Data published by NHS Education for Scotland shows that 691 posts were advertised across a range of medical specialties this year and 683 of those posts have been filled successfully, equating to a fill rate of 99%. This is a further improvement on recruitment at the same stage in 2020, as the number of places filled has increased by 8 percentage points.
Twelve out of fourteen training programmes achieved 100% recruitment with General Practice achieving a 98.1% fill rate. These specialties include Anaesthetics, Clinical Radiology and Public Health Medicine.
In General Practice, a total of 264 from a possible 269 were filed with more to be advertised in a later recruitment round this year. Core Psychiatry has also seen the best ever results by filing all 43 advertised posts.
Health Secretary Humza Yousaf MSP said:
“As Scotland looks to recover from the impact of COVID-19, it is both welcome and encouraging news that 2021 has so far been the most successful year for the recruitment of trainee doctors.
“It has been an unprecedented success: For the first time ever, 100% of Core Psychiatry training posts and 98.1% of General Practice training posts have been filled. With one recruitment round remaining this year, we expect that the few remaining training posts will have equally high fill rates and we will continue to focus our attention on the services that will be most needed by Scotland’s population over the coming years.”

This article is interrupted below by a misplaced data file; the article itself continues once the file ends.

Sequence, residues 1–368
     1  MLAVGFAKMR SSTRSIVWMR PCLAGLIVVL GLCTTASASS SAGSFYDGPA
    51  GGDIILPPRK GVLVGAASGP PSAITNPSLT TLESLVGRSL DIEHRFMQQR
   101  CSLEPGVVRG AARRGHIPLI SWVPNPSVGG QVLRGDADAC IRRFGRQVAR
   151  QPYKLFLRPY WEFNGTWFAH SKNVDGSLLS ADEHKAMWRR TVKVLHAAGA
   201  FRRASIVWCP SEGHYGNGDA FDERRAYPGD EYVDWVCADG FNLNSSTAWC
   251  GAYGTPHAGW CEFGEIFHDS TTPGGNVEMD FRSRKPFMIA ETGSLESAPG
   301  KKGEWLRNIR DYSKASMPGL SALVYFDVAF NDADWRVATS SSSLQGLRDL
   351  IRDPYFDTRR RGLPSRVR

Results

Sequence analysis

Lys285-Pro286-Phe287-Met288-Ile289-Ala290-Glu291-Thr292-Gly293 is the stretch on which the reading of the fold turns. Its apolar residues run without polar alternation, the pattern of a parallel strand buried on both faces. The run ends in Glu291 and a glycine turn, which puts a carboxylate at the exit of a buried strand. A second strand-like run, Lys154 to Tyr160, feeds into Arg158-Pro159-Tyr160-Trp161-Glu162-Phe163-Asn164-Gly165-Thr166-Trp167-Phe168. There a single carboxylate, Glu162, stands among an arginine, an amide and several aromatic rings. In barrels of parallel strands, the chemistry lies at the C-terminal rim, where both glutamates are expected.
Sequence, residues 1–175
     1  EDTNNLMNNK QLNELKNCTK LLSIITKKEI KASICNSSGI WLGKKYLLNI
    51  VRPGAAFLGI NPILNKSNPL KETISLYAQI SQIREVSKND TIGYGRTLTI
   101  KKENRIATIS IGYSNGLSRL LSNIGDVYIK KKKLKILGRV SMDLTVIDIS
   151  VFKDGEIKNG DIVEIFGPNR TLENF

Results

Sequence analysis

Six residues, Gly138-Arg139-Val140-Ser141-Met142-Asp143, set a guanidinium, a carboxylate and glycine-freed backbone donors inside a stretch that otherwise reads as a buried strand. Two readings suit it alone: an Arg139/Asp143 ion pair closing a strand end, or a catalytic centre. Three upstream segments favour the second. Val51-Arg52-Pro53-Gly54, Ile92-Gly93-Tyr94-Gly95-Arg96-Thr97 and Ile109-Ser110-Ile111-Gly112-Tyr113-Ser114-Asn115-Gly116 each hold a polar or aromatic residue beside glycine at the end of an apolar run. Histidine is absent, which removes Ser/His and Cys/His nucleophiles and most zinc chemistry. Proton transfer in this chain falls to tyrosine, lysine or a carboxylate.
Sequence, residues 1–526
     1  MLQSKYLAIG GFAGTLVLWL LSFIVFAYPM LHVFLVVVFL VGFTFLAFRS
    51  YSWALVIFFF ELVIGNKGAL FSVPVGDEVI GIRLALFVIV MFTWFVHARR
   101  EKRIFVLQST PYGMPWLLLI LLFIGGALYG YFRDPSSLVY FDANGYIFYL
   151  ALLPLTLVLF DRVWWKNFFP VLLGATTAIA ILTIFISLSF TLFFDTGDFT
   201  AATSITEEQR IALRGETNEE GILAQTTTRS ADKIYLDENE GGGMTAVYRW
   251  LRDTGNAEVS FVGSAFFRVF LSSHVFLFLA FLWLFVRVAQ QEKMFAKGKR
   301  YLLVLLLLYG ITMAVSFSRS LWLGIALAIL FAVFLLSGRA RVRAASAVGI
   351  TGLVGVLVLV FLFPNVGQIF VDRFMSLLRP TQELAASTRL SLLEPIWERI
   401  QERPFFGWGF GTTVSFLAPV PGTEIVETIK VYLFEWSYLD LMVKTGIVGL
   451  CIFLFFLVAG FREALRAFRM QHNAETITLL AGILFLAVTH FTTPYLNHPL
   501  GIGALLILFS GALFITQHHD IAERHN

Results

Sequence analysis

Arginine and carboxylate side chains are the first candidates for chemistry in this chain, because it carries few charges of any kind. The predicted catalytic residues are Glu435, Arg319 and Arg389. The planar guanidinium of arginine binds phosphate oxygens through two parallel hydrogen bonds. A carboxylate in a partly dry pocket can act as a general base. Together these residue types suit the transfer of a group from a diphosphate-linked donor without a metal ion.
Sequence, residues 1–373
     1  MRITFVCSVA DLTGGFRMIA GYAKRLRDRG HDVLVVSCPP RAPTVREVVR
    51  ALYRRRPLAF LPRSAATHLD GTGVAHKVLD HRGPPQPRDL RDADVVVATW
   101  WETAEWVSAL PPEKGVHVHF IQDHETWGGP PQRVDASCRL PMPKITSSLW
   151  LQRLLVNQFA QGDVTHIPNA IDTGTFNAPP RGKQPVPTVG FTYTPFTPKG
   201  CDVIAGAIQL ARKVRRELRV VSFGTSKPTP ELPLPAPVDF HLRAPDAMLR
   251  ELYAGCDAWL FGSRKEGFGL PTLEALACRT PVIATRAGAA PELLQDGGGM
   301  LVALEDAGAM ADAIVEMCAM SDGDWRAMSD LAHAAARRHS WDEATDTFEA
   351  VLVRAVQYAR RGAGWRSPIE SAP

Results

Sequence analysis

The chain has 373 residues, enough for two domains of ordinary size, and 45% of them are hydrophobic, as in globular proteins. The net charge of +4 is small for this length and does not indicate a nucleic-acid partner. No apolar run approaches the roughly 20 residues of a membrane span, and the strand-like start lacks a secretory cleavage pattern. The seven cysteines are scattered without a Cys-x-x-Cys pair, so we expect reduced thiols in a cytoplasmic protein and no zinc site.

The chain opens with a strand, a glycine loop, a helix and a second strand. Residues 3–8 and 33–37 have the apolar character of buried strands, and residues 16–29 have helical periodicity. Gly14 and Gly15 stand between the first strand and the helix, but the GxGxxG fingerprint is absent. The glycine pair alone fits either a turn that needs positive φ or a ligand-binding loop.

Kenneth Gibson MSP added:
“These are heartening figures to help increase the number of doctors in Scotland, but there is more to come.
“In line with the 2021 manifesto, the SNP Government is increasing the number of medical school training places by at least 100 per year, whilst doubling the number of places on the Widening Access to Medicine programme to help create a more diverse medical workforce.
“I encourage young people who are thinking of becoming a doctor to visit the NHSScotland careers website. Medicine is a broad field with many disciplines, and it may be the way to a fulfilling career.”